Defining Zero Energy Buildings - A life cycle perspective

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Title: Defining Zero Energy Buildings - A life cycle perspective
Authors: Hernandez, Patxi
Kenny, Paul
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Date: 2008
Abstract: A simple definition of a zero energy building (ZEB) is a stand-alone building which does not use any offsite energy source for its operation. The definition is easily extended to buildings with a net-zero annual on-site energy balance, where a building is connected to the electricity grid and annual energy use is the same as energy exported to the grid. In this paper we expand the ZEB definition adding a life cycle perspective including the embodied energy (cradle to site) of materials, which is considered as an additional off-site supply. The consideration of embodied energy adds a level that will help discern the life cycle benefits of different demand or supply side building design strategies to achieve ZEBs. Calculations of operational energy use and embodied energy for different house design options are presented, analyzing what options would move closer to this ZEB definition. Results show how the achievement of extreme reductions on energy demand by using high quantities of energy intensive materials are not an optimum solution over the life cycle of a building, active technologies becoming a better option after certain limits.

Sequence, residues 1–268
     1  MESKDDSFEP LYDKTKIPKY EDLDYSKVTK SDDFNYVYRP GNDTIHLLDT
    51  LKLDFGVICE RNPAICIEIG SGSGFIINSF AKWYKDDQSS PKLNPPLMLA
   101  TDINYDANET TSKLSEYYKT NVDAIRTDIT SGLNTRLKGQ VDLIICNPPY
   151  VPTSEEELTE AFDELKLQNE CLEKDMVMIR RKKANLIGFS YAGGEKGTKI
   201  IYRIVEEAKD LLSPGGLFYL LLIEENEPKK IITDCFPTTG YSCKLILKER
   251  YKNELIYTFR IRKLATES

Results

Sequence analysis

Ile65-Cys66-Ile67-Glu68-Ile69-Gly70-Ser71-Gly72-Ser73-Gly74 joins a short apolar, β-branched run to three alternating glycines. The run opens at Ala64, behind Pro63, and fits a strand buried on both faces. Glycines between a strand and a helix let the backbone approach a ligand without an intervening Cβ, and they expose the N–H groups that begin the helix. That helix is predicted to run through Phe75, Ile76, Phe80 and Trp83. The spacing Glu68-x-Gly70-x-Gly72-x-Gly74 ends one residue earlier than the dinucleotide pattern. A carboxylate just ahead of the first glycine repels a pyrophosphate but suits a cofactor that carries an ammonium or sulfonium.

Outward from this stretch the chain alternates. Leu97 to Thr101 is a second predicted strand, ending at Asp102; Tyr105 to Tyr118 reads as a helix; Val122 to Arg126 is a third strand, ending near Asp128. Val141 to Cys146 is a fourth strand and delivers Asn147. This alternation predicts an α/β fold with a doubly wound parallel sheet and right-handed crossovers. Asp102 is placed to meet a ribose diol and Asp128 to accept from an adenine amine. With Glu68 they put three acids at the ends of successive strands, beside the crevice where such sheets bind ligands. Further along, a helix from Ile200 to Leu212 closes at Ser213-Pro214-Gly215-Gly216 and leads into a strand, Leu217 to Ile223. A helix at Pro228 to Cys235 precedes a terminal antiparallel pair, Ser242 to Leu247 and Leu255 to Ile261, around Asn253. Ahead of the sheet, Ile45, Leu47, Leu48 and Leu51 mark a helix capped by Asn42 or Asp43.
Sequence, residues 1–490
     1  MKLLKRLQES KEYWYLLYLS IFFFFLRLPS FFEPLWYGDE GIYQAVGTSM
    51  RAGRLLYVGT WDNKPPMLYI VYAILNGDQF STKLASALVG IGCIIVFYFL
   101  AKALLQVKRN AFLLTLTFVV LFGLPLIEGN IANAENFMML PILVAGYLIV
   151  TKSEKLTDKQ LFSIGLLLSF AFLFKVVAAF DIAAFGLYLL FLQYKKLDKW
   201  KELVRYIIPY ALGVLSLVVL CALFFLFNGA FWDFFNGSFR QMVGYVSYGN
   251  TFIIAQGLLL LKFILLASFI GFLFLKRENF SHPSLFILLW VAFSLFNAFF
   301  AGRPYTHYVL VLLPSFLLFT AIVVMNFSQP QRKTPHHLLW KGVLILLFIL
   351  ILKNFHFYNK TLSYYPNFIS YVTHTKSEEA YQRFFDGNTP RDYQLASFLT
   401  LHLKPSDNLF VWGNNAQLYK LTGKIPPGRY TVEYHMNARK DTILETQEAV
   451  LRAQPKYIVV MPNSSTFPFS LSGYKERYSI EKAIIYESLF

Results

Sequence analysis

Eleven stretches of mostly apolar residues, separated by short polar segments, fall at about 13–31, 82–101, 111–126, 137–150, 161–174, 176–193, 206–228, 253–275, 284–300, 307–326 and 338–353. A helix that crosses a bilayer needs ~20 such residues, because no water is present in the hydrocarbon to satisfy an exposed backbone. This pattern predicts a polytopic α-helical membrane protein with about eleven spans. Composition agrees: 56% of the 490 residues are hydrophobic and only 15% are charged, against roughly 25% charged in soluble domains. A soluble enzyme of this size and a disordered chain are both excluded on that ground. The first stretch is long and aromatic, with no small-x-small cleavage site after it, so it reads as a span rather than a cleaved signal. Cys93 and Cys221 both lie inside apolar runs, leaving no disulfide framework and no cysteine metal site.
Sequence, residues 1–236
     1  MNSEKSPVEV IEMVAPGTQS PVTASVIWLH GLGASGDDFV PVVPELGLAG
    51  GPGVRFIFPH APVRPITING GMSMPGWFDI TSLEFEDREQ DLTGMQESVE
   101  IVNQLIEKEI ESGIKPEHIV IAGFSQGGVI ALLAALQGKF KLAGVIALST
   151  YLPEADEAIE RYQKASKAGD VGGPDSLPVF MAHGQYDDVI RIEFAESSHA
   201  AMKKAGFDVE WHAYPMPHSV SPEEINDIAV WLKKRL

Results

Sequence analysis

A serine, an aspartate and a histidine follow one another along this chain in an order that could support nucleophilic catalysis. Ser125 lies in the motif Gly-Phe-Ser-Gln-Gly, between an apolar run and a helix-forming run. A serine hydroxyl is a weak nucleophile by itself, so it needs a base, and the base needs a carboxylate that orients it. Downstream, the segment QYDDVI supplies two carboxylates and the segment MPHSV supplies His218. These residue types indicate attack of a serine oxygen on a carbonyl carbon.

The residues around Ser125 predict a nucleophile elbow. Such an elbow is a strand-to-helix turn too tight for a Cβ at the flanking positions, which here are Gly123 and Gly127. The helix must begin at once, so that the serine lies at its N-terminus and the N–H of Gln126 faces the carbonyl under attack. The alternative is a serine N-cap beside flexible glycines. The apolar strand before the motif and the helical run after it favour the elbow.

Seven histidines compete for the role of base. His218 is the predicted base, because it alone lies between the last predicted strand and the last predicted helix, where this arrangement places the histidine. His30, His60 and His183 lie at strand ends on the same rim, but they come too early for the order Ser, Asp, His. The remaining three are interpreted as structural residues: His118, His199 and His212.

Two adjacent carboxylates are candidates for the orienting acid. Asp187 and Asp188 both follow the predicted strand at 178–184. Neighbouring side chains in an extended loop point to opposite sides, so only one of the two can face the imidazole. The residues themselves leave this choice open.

Funding Details: Irish Research Council for Science, Engineering and Technology
Type of material: Conference Publication
Publisher: University College Dublin
Keywords: NetZero energyLife cycleEmbodied energyBuildings
Subject LCSH: Buildings--Energy consumption
Buildings--Energy conservation
Life cycle costing
Language: en
Status of Item: Peer reviewed
Conference Details: PLEA 2008 – 25th Conference on Passive and Low Energy Architecture, Dublin, 22nd to 24th October 2008
Appears in Collections:Architecture, Planning and Environmental Policy Research Collection

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